Michelle McDougal’s nana was 39 when she was born. Her birth was just the beginning of a beautiful relationship. They had 45 more years filled with love and laughs; of camping and shopping trips and card games. For Michelle, the most precious times were the quiet slower moments just sitting with her nana.
“My favorite times with my Nana were those quiet moments where we could sit and talk. Whether in person or on the phone, we’d talked about everything,” she said.
Michelle always knew how much her nana loved her. It wasn’t until she learned of the sacrifices she made when she was ten that Michelle truly realized how much she meant to her nana. Michelle contracted pneumonia and almost died. Her family came together to pay for an in-home nurse to care for her.
Her grandfather told her years later what her Nana did to ensure she was properly cared for. “Mit, your Nana worked triple shifts in the shoe shop to help your mother pay for that nurse. She would come home with her fingers bleeding from sewing so many shoes. She’d quickly wash and then run right to you, to make sure you were okay. That’s how much she loves you.”
Michelle never confirmed the story with nana because she knew she wouldn’t take any credit for all her hard work. All she understood was that she was loved. Their bond was one Michelle thought couldn’t be shaken or broken. She was wrong. Her nana was diagnosed with cancer. She would fight this battle for two years.
Everyone breathed a sigh of relief when nana was declared cancer-free. Their reprieve was short-lived. Nana’s cancer returned with a vengeance. Doctors couldn’t do anything for her. Treatments were no longer an option.
During her nana’s last days, Michelle, a cousin, her mother and two of her aunts took turns spending the night with her. Michelle was fortunate enough to have a few quieter, precious moments with her Nana she cherished so much. Two nights before her Nana died, she and Michelle had Chinese food, laughed and watched some of her nana’s favorite shows.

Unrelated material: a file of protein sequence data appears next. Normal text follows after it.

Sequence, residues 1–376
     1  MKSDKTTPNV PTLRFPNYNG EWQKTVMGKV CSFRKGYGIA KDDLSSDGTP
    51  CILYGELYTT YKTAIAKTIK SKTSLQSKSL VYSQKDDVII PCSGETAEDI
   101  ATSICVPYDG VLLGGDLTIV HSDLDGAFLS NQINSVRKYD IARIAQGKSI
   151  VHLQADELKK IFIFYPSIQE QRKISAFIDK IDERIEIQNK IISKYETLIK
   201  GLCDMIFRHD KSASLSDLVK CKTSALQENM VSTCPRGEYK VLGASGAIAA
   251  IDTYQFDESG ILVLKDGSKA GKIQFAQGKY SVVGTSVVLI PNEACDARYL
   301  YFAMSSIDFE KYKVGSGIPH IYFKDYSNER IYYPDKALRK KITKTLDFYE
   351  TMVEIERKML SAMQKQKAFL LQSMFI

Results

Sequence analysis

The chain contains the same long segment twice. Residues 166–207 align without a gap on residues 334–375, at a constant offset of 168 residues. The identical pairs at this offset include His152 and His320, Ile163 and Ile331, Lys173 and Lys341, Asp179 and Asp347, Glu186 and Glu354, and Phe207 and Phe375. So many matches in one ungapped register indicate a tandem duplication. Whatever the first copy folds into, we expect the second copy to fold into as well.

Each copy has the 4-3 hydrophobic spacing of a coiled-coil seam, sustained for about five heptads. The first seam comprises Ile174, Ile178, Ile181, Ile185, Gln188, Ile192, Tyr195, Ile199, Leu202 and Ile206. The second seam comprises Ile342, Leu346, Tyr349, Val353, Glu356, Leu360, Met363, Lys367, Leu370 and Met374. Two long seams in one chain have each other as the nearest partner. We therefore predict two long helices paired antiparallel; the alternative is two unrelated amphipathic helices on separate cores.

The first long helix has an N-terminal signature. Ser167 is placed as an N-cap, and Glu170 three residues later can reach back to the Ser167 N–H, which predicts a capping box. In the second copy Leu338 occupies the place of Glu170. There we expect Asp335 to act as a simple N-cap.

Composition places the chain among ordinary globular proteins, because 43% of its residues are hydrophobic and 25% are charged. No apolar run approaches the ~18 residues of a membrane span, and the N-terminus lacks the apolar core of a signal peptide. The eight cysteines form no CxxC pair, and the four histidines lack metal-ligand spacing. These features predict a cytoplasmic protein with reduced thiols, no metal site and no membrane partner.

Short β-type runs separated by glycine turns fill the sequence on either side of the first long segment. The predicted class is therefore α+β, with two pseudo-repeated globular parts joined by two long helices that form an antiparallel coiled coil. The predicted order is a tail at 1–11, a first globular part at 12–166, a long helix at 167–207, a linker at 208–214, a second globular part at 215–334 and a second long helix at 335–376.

As the night drew to an end, Michelle turned to her nana and said, “Nana, when you get to heaven, please send me lots of pennies so I know you’re still near.” Nana just laughed and agreed to grant her granddaughter’s request.
Over the past four years, nana’s come through with her promise. Michelle has found dozens of pennies, some in the oddest places. “I’ve found pennies in the strangest places. A room that was just vacuumed. In the shower. In a box that contained an ornament I had given her.”
Whenever she finds one, Michelle whispers, “Thank you, Nana, I love you.” She stores all the pennies from her nana in a mason jar.
Michelle came up with the perfect project to help her memorialize her nana and display the pennies. With her husband’s help, using old barn doors, they constructed a board. She glued pennies into the shape of a heart.
“Many of you know my penny stories and the significance of them. When my Nana started to get too sick to stay alone, I volunteered to spend a night or two with her each week. My cousin, Aunts, and my Mom did the same. The very last night I had alone with her I said…Nana, when you get to heaven be sure to send me lots of coins. Actually, how about lots of pennies, so I know you’re near. “ Four years later, I have hundreds and hundreds of pennies that I’ve found. Some in strangest places. This weekend I’m doing a project with some of the pennies. Stayed tuned for the finished product. I’m pretty excited! Btw, my mom thinks I should have asked Nana to send me twenty’s instead of pennies. ha ha ha.”
“It had to be a heart because what else is there to symbolize such deep love?”
She next found a card her Nana had given her years before. Michelle scanned her nana’s signature onto her computer. She used her Cricut machine to print out a foil cut-out of the words, “Love & Kisses Nana.” as she built this special memorial to her nana, tears spilled down her face, but love filled her heart. To this day, Michelle continues to find pennies from her nana, reminders to her of how much she’s still loved.